Since watching this clip on YouTube I keep humming this lovely theme by Ralph Ferraro. You’ll notice the familiar face of Tom Tryon who guest starred in quite a few episodes of The Virginian.
The Virginian. This was in the days when a “Guest Star” listing was reserved for talent – unlike today when practically everyone on an episode is listed. It was also in the days when one Executive Producer ran a show.
I always looked forward to the opening and end credits on
Today we can’t even read the end credits as they are squeezed to make way for a preview of the following week’s episode. But they added greatly to the enjoyment of a show. How else would we know who created the outstanding music featured on The Virginian?
In the 1990s washed-up “B” movie actor Troy McClure featured on The Simpsons. Voiced by Phil Hartman the character quickly became one of the most popular secondary characters on the show.
Based on Troy Donahue and Doug McClure combined with physical characteristics of Phil Hartman the often desperate Troy McClure would accept any acting job to keep his career alive. A typical introduction would include a list of his screen credits.
“Hi, I’m Troy McClure. You may remember me from such classics as Invasion of the Giant Lobsters or Mice-Men From Mars.”
Doug McClure expressed his liking for the character. Troy McClure’s often mocking persona served as a reminder of the fickle and artificial nature of celebrity. The creators retired the character in 1998 following the tragic murder of Phil Hartman at the hands of his wife.
I recently came across this interesting station identification artwork for The Virginian. The official NBC glass slide is still available for sale on eBay. The seller Rozane kindly sent me a larger scan of the artwork for my blog. James Drury and Doug McClure are clearly visible but the third person resembles nobody from the cast. He has a passing resemblance to Jim Davis who we all remember as Jock Ewing in Dallas.
“I really enjoyed your book. It is comprehensive and a valuable resource for anyone interested in studying The Virginian.” – James Drury [The Virginian]
“The book was very interesting and very well written. I was fascinated.” – Randy Boone [Randy Benton]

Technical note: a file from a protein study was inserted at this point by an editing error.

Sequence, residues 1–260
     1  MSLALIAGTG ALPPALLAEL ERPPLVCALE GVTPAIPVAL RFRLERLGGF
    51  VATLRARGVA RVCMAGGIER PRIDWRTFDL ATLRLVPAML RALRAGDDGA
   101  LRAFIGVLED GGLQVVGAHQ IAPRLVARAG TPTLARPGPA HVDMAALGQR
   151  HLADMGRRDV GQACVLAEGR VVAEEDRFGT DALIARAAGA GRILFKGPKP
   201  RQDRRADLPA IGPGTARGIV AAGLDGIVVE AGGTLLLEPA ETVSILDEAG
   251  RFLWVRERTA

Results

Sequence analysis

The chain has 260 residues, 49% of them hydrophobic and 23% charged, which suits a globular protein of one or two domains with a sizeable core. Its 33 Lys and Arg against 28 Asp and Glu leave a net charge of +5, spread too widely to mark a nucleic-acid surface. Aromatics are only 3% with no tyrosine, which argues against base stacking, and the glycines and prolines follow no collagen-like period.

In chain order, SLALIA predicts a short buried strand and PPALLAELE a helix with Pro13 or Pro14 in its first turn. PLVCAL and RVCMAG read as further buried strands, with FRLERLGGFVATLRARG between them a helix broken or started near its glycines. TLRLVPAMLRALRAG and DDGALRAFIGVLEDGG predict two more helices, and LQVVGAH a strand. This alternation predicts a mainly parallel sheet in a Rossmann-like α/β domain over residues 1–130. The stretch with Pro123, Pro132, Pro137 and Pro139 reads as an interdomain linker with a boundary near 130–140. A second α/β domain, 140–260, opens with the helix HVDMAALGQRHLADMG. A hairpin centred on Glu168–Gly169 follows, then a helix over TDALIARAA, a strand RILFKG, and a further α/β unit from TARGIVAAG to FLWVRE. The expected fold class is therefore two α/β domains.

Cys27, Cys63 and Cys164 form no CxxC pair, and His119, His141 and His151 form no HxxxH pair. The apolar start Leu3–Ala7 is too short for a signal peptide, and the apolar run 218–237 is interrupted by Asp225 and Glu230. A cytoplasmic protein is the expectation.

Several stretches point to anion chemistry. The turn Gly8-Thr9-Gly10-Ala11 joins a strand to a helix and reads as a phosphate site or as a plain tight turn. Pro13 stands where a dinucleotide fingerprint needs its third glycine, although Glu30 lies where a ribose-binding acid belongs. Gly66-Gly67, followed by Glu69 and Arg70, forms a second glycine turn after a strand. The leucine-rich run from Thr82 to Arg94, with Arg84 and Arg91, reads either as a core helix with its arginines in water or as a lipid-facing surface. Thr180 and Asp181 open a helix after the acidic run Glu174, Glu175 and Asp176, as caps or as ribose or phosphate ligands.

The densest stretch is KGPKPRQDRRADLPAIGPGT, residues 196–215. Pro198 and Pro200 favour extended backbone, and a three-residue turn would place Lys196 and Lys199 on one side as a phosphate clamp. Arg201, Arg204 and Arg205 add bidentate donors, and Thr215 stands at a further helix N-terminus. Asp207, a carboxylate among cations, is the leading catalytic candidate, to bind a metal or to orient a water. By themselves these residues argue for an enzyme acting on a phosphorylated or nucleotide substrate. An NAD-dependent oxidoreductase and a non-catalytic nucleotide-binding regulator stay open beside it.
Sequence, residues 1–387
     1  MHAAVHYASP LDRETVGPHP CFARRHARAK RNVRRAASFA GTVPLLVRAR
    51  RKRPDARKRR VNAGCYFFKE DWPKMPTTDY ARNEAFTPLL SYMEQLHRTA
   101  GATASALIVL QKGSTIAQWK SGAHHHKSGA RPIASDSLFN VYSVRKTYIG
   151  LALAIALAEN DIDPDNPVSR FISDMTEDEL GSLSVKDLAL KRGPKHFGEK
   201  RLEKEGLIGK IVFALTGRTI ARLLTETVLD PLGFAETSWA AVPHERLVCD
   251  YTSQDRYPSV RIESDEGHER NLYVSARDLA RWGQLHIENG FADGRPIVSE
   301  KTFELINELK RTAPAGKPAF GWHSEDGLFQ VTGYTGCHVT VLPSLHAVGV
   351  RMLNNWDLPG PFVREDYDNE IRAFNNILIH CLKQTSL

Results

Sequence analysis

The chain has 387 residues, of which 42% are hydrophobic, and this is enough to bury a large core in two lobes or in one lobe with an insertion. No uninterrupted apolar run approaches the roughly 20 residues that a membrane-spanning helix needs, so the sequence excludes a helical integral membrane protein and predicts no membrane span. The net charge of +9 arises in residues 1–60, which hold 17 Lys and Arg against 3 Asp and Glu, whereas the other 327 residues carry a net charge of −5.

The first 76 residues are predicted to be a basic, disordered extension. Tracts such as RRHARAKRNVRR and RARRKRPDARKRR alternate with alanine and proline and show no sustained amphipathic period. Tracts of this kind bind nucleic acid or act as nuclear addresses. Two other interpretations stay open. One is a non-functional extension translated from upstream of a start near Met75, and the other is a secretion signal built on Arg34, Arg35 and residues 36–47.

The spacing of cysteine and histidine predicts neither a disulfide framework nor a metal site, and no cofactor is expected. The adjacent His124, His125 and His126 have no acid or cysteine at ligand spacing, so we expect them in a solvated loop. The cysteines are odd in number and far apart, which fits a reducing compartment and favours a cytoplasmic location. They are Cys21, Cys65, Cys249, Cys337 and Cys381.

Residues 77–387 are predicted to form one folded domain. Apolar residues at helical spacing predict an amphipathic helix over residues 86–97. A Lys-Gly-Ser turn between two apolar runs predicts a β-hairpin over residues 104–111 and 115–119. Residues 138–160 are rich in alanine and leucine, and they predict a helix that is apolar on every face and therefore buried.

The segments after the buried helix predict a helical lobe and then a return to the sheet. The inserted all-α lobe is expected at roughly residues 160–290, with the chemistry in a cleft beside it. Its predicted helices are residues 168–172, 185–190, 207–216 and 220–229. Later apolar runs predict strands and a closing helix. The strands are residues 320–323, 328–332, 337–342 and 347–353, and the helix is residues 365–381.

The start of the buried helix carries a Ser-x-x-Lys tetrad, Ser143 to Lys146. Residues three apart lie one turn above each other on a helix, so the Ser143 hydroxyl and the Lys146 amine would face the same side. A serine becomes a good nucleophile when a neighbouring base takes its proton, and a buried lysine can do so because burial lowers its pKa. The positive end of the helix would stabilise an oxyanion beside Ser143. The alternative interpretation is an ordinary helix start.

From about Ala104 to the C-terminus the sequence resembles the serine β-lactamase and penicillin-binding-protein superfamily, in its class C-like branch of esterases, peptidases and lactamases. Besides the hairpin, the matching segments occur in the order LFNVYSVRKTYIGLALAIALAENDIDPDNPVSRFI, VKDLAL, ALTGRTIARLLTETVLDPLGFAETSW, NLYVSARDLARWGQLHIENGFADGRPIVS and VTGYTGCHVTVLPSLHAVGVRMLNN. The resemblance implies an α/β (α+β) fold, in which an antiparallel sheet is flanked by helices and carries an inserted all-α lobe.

“My husband is reading the book avidly and loving it. It’s a wonderful book.” – Sara Lane [Elizabeth Grainger]
“I am very impressed with it. You did a great job of research on The Virginian and it is certainly apparent in the book. It is a work that reflects your high standards.” – Frank Price [Executive Producer on The Virginian]
“Wonderfully detailed and nostalgic book…congratulations on this remarkable effort!”—Joel Rogosin [Producer, Writer, Director on The Virginian]
Doug McClure was featured on the back cover of the FAB 208 Annual 1972. A pity the scarce color photograph is cut into a jigsaw shape in the style of all photos on the UK annual cover.
A smaller b/w photo of Doug, also with his Men From Shiloh moustache is included inside the annual.
Arguably the least popular addition to the Shiloh “family” – Morgan Starr succeeded Judge Garth at Shiloh Ranch for a brief period during Season 4 and departed without explanation.
John Dehner was never granted a spot in the “ride-in” title sequence but left an indelible impression during his time as manager of Shiloh Ranch.
Interesting to watch this scene from the 1929 film adaptation of Owen Wister’s novel. Gary Cooper plays the Virginian and Walter Huston plays Trampas in a manner more in keeping with Wister’s original vision.
Unfortunately in this scene Huston comes across as a pantomime villain – lacking depth with his swaggering delivery. A legacy from the silent era when body movement was over emphasized to convey emotion. By contrast Gary Cooper manages to convey emotion with less effort. A skill in itself and more in synch with the new era of sound.